(Greek: a suffix; pertaining to; of the nature of, like; in chemistry, it denotes a higher valence of the element than is expressed by -ous)

apogeotropic (adjective), more apogeotropic, most apogeotropic
Characterized by the response by an organism of turning away from the earth; such as, plant stems and leaves that grow upward from the soil where they exist.
apomorphic (adjective)
In cladistics, this term describes derived or advanced characteristics that arose relatively late in members of a group and therefore differ among them.

These are useful in assessing genealogical links among taxa.

Cladistics refers to a system of biological classification that groups organisms on the basis of their observed shared characteristics in order to determine their common ancestors.

Relieving pain or fatigue.
apophatic (adjective)
Relating to the belief that God can be known to humans only in terms of what He is not; such as, "God is unknowable".
apoplectic (adjective), more apoplectic, most apoplectic
1. Pertaining to or suffering from a stroke or a sudden loss of physical control or consciousness: Joe's mother had an apoplectic attack which was caused when a blood vessel in her brain ruptured or became blocked.
2. Conveying extreme anger: When anyone is very upset or greatly disturbed, he or she or she is considered as someone who is having an apoplectic reaction to something that really bothering him or her.
3. Etymology: from Latin apoplecticus and Greek apoplektikos; from apoplessein, "to be disabled with a stroke".
aposematic (adjective), more aposematic, most aposematic
1. A description of natural colors and bright markings on an animal that warn predators that it is poisonous.
2. Colored or constructed in a way that indicates special capabilities for defense: Aposematic signals are beneficial for both the predator and prey, who both try to avoid any potential harm.

apulmonic (adjective)
A reference to or relating to the absence of all or a part of one or both lungs.
Also athermic.
apyrogenic (adjective), more apyrogenic, most apyrogenic
A reference to ailments that do not cause fevers: Since Wilber had an apyrogenic condition, his sickness was not expected to cause a fever or a pyrogenous problem.
aquaphobic (s) (adjective), more aquaphobic, most aquaphobic
A reference to an individual who is abnormally afraid of water: Most aquaphobic people are concerned that the clear liquid which is emitted from the faucet is not as safe to drink as the special kind in bottles.
aquapontic (adjective)
A reference to the cultivation of plants in nutrient solutions instead of the ground.

Aquaponic systems contain three parts: fish to produce ammonia, bacteria to break the ammonia down to nitrates, and plants to feed on the nitrates to create fishfood to start the cycle all over again.

A mini aquaponics system is an excellent means of demonstrating aquaponic principles and the nitrification cycle in a recirculating aquatic environment.

aquaspargic (adjective), more aquaspargic; most aquaspargic
Referring to the spreading or scattering of something by water.
archaic (adjective), more archaic, most archaic
1. Marked by the characteristics of a much earlier period; antiquated: There are archaic manners and notions which are no longer acceptable in these modern times.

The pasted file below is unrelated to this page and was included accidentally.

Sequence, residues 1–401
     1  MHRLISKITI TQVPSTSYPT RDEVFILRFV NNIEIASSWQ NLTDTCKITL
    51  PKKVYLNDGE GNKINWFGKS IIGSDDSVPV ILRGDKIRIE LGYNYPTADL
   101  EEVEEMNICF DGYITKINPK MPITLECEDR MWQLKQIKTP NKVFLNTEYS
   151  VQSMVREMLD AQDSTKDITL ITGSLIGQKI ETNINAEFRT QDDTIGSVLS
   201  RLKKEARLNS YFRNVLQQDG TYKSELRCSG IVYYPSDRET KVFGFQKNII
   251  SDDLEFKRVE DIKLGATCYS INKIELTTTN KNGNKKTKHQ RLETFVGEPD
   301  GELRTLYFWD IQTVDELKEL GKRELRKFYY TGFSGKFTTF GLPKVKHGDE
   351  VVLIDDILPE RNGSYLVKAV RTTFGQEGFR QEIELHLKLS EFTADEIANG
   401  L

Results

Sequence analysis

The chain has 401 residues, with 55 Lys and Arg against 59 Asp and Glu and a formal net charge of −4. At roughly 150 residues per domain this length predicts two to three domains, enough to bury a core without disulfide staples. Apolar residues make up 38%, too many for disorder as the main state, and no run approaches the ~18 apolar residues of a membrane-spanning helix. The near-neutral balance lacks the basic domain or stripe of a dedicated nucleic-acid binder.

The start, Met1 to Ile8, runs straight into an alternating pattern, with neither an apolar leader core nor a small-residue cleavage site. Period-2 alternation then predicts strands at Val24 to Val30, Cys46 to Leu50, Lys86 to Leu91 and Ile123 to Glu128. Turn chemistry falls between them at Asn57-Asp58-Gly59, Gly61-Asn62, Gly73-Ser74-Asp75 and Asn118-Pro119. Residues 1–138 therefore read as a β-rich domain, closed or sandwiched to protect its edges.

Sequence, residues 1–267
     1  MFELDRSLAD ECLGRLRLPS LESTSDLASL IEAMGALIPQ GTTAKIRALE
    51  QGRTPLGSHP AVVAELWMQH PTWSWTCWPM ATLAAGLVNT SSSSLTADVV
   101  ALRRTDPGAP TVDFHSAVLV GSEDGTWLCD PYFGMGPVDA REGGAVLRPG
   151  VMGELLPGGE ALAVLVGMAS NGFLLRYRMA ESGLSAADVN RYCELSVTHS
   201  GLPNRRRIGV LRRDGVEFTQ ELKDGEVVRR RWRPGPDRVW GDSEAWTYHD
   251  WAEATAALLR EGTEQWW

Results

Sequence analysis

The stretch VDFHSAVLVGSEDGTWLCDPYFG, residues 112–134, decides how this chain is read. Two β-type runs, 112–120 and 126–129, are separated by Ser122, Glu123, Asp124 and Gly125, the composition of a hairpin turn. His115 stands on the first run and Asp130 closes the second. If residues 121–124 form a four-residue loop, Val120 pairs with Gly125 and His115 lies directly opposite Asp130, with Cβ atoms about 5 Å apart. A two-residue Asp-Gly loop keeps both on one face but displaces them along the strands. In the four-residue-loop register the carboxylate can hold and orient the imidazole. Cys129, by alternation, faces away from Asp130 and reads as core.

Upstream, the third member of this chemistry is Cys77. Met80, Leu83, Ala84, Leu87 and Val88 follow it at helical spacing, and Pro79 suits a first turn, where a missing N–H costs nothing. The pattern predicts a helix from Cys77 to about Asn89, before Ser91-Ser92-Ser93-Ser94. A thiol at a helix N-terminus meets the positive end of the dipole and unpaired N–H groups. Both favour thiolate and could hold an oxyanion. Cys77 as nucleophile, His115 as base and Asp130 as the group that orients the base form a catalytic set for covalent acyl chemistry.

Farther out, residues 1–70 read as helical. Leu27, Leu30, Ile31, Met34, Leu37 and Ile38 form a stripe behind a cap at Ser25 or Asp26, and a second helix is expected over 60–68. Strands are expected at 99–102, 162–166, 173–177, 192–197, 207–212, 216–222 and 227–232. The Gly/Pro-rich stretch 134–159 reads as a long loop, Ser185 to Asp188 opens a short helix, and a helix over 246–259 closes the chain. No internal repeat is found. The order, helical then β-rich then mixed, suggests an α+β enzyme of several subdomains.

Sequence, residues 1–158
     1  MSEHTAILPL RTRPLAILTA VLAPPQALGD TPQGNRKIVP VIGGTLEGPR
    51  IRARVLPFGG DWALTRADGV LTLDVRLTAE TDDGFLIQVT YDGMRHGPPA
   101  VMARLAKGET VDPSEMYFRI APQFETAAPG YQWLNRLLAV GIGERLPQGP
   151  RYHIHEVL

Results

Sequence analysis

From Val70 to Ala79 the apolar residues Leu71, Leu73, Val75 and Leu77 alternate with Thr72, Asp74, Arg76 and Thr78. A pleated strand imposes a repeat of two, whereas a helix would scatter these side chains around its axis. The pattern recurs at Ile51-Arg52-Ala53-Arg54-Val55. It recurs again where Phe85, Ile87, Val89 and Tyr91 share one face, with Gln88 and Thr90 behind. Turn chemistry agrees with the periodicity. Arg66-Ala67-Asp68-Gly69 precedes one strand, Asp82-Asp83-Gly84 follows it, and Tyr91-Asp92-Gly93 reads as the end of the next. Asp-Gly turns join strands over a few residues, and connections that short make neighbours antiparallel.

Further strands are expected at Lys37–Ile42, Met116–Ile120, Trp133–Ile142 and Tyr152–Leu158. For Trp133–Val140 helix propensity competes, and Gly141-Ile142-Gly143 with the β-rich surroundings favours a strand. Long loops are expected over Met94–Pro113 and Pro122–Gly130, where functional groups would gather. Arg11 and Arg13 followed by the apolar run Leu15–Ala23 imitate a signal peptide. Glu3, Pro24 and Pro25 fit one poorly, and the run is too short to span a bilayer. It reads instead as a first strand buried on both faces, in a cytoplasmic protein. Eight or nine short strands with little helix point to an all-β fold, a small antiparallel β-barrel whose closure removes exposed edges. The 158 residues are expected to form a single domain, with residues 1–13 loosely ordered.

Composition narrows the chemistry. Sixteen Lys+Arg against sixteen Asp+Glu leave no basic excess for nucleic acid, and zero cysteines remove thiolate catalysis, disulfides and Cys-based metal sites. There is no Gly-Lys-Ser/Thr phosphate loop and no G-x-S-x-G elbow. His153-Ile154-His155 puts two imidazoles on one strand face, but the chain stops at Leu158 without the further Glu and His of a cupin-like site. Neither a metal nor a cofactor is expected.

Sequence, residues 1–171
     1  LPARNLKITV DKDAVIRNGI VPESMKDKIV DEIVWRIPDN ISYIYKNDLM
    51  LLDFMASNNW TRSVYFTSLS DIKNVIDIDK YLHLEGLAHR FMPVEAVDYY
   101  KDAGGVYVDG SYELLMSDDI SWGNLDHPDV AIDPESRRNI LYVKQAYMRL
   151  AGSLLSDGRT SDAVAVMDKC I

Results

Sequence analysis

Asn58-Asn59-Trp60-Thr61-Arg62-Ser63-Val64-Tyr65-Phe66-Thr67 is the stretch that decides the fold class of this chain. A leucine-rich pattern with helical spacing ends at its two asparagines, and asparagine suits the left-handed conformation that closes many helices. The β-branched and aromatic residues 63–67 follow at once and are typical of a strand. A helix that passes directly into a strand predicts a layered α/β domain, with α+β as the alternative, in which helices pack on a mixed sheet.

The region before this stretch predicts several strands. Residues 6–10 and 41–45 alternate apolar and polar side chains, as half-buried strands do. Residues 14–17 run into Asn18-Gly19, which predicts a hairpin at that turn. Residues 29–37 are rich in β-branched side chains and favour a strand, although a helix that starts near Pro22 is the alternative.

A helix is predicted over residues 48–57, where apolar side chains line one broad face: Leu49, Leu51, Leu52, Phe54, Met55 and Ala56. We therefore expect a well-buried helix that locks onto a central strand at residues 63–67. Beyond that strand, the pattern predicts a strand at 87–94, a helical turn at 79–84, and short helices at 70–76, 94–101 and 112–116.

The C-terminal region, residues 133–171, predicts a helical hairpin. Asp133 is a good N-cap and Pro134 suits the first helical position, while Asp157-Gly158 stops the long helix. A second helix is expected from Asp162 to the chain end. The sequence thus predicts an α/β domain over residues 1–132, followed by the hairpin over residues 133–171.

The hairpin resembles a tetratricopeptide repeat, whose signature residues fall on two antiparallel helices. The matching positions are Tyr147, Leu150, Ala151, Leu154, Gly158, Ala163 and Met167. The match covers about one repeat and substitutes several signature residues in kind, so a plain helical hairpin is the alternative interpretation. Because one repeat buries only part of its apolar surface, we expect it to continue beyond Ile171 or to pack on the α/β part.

2. In a linguistic form, commonly used in an earlier time but rare in present-day usage except to suggest the older time, as in religious rituals or historical novels: Examples of archaic language usages include the following: "thou", "wast", "methinks", and "forsooth".
3. Forming the earliest stage; prior to full development: There was an archaic period of psychoanalytic research.

The company had to update its archaic computers because they were incapable of handling all of the data that was being installed into them.

4. A reference to or designating the style of the fine arts: There are some archaic paintings and sculptures that were developed in Greece from the middle of the 7th to the early 5th century B.C., primarily characterized by an increased emphasis on the human figure in action with naturalistic proportions and anatomical structures; there are also simplicity of volumes, forms, or designs, and the evolution of a definitive style for the narrative treatment of subject matters.
5. A term used to describe an early stage in the development of civilization: In New World chronology, an archaic period existed just before the shift from hunting, gathering, and fishing to agricultural cultivation, pottery development, and village settlement.

Between 8000-1000 B.C., there were a series of archaic achievements which characterized certain periods: Early archaic 8000-5000 B.C., mixture of big-game hunting tradition with early archaic cultures; also marked by post-glacial climatic change in association with the disappearance of Late Pleistocene big game animals; then middle archaic cultures from 5000-2000 B.C., and a late archaic period 2000-1000 B.C.

—Compilation of information gleaned from the
Encyclopaedia Britannica, Inc.; William Benton, Publisher: Chicago;
1968, Vol.II, Pages 281, 238; and Vol. X, Page 835.
Belonging to a much earlier time.
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archecentric (adjective)
The original model from which later things are evolved or developed: "Alfred Hitchcock's Psycho is considered to be an archecentric film or the basis for many horror films that were developed later."
Occurring at the beginning of sleep.